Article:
They are going to learn so much from this experience, but it always amazes me just how much I learn from them while going through this process. I suppose that’s part of the draw of theatre, each show and each team of people have something to offer and it is always different. Even if the team is the same, or the show is one you’ve explored before – it is ever changing.
We are back with our friends Joe Recchia and Andrew Rethazi. We talk about the massive creative endeavour that is Oklahoma! presented by Musical Theatre Productions and coming soon to the Palace Theatre. Ceris is directing so the tables are turned as we talk about the motivations behind the show and the challenges it presents. Tune in for an in depth discussion of set design in theatre and the challenges presented to a musical director on such a classic show.
Ceris is off to the Puppeteers of America Festival in Philadelphia, and she is eager to share her experience with you. Tune in to hear all about Ceris’ trip, the people she’s met and the inspiration she’s found.
Tonight was our first foray into a puppet centric event at The Palace Theatre here in London, Ontario.
I don’t know about everyone else, but I had a great time. So many lovely people came to the theatre to make a puppet and to watch puppetry on our big screen. It was a really special evening.
I know the youngest person there was 3, and with some assistance, she made 2 puppets. I’m not going to guess the top age of our guests, but I know we had folks of every category in the theatre and I know that everyone there was definitely young at heart.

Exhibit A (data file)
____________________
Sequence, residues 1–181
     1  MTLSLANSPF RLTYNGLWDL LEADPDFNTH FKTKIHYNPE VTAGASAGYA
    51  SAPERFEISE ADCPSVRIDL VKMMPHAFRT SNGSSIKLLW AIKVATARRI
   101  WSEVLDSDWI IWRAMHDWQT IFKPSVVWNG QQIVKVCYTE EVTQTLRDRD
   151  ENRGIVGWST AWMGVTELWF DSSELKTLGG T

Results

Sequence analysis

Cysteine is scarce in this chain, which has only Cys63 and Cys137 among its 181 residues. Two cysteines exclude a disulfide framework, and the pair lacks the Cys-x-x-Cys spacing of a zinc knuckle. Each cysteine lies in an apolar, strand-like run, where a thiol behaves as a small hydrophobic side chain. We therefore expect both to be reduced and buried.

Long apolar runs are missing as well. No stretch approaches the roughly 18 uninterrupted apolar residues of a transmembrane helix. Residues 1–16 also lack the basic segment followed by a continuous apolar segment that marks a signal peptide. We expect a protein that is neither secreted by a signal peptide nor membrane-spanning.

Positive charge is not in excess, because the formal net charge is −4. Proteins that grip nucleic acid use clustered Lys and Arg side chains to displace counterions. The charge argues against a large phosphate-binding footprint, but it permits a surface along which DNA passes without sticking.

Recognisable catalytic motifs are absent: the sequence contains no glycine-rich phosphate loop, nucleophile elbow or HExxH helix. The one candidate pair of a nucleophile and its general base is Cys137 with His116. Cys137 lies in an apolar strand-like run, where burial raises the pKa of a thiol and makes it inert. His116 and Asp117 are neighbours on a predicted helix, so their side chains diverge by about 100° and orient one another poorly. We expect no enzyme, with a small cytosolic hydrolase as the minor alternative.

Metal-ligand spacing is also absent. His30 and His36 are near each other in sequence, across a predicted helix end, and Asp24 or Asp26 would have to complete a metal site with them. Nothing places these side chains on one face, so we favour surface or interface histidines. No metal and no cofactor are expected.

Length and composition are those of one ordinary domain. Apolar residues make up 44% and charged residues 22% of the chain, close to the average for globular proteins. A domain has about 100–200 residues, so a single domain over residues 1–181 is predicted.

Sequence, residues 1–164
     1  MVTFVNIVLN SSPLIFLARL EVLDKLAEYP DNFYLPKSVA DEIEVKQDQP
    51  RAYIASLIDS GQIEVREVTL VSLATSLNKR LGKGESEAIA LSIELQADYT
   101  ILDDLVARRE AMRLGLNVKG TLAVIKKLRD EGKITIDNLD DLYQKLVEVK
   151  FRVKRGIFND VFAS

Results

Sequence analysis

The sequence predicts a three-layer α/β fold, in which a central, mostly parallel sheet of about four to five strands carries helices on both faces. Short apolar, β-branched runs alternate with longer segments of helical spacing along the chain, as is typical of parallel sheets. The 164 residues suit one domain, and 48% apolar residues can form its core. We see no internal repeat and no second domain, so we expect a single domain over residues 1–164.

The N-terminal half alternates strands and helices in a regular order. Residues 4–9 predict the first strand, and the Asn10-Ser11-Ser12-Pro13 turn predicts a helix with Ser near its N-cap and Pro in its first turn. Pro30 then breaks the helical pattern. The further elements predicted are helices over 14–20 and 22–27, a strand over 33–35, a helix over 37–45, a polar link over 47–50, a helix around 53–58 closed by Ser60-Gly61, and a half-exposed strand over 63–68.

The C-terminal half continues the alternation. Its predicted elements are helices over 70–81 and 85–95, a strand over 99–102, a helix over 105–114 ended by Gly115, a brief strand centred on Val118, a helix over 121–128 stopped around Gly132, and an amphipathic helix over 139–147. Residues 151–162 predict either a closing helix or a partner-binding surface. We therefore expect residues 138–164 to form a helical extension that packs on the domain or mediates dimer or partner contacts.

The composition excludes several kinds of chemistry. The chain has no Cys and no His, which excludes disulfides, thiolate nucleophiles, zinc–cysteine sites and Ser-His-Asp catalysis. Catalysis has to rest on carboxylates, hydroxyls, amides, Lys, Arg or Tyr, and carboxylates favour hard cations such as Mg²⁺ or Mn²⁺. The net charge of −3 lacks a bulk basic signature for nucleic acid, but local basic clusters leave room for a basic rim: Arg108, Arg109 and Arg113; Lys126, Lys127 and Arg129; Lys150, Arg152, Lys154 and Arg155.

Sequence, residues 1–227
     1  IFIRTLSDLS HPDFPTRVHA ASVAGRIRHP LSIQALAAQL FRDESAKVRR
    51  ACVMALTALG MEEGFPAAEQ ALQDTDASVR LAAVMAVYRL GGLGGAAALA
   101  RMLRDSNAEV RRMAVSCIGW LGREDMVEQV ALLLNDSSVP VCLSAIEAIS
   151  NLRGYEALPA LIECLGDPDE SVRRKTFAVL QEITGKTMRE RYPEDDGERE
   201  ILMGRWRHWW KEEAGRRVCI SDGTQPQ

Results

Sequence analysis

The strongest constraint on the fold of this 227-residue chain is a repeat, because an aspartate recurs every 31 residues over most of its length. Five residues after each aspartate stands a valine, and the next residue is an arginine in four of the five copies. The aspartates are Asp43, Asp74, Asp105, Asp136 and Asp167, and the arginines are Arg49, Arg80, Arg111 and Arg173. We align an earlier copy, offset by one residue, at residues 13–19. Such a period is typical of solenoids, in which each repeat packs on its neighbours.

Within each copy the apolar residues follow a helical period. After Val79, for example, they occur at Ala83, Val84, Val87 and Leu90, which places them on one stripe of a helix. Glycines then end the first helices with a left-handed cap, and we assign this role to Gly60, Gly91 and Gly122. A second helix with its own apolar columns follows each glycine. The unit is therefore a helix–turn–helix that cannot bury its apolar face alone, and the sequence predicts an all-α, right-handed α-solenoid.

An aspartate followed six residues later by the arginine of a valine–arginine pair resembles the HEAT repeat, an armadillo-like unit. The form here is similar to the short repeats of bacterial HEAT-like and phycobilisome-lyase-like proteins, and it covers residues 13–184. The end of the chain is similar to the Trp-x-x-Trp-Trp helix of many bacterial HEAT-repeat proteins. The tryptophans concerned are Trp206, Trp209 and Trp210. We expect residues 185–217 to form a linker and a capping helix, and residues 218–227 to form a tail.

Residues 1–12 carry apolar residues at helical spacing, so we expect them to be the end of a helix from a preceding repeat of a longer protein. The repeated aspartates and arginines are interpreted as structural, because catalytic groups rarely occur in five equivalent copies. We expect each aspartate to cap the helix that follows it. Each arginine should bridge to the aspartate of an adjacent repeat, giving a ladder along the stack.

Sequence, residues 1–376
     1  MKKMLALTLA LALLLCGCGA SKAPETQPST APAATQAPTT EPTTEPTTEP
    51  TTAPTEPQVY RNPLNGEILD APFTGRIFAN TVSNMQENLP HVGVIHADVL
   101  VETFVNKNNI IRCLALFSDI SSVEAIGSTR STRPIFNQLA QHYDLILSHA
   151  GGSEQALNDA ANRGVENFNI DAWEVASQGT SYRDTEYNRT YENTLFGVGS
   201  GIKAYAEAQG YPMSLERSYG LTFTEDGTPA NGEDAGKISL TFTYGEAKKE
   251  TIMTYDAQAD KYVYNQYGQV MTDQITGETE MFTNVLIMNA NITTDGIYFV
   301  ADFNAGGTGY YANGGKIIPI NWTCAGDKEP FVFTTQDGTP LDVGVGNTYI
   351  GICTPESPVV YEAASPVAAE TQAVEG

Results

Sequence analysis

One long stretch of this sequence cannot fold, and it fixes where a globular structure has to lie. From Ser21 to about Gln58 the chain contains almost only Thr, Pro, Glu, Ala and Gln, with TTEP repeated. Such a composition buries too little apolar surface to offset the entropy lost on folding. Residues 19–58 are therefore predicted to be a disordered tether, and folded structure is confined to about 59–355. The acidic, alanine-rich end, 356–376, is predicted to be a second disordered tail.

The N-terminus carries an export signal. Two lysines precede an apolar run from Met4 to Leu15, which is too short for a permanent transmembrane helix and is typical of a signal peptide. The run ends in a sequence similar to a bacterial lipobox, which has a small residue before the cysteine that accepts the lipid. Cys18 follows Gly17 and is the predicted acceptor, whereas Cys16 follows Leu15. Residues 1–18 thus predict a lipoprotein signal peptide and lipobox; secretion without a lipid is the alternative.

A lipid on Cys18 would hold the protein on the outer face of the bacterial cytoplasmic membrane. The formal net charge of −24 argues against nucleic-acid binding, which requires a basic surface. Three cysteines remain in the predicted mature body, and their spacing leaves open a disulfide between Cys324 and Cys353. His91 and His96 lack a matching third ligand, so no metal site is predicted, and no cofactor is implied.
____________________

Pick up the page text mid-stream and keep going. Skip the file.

There was a young man there, who was so very intent on his creations. He made his own stuff, no matter what. And no matter what, all of his stuff was inspired by Jim Henson’s creations. This young man hasn’t made it to double digits in age yet, but he knows all the shows that Henson ever created, all the guest stars and the performers who are behind, (or underneath) our famous felt friends. He regularly visits fan sites and I watched him draw a Kermit and Piggy and turn them into wonderful shadow puppets within 10 minutes and then perform them against our walls of the lobby. He stayed to enjoy our screening of Being Elmo and was thrilled to watch the show. His mother saw a lot of her son in the explanation of Kevin Clash’s determination to create. I could see it in his eyes and hear it in his voice. This young man will create something wonderful in his lifetime and it will have been largely inspired by the work of Jim Henson.
Another guest happened to be a designer for the new video game of My Muppet Show. It was great to meet him and share with him some of my enjoyment of his creation. He painstakingly worked on his puppet creation and had come prepared with more materials as he knew exactly what he wanted to make – just like our determined fan above. If you’ve not seen his work yet on this great app – then pull out your smart phone and start playing. It’s a great fun, free app!
We only have two more nights of our celebration of puppets, and I sincerely hope that we are financially successful enough to put together something similar next year. It is quite clear that the fans are out there. And I was so honoured to meet them.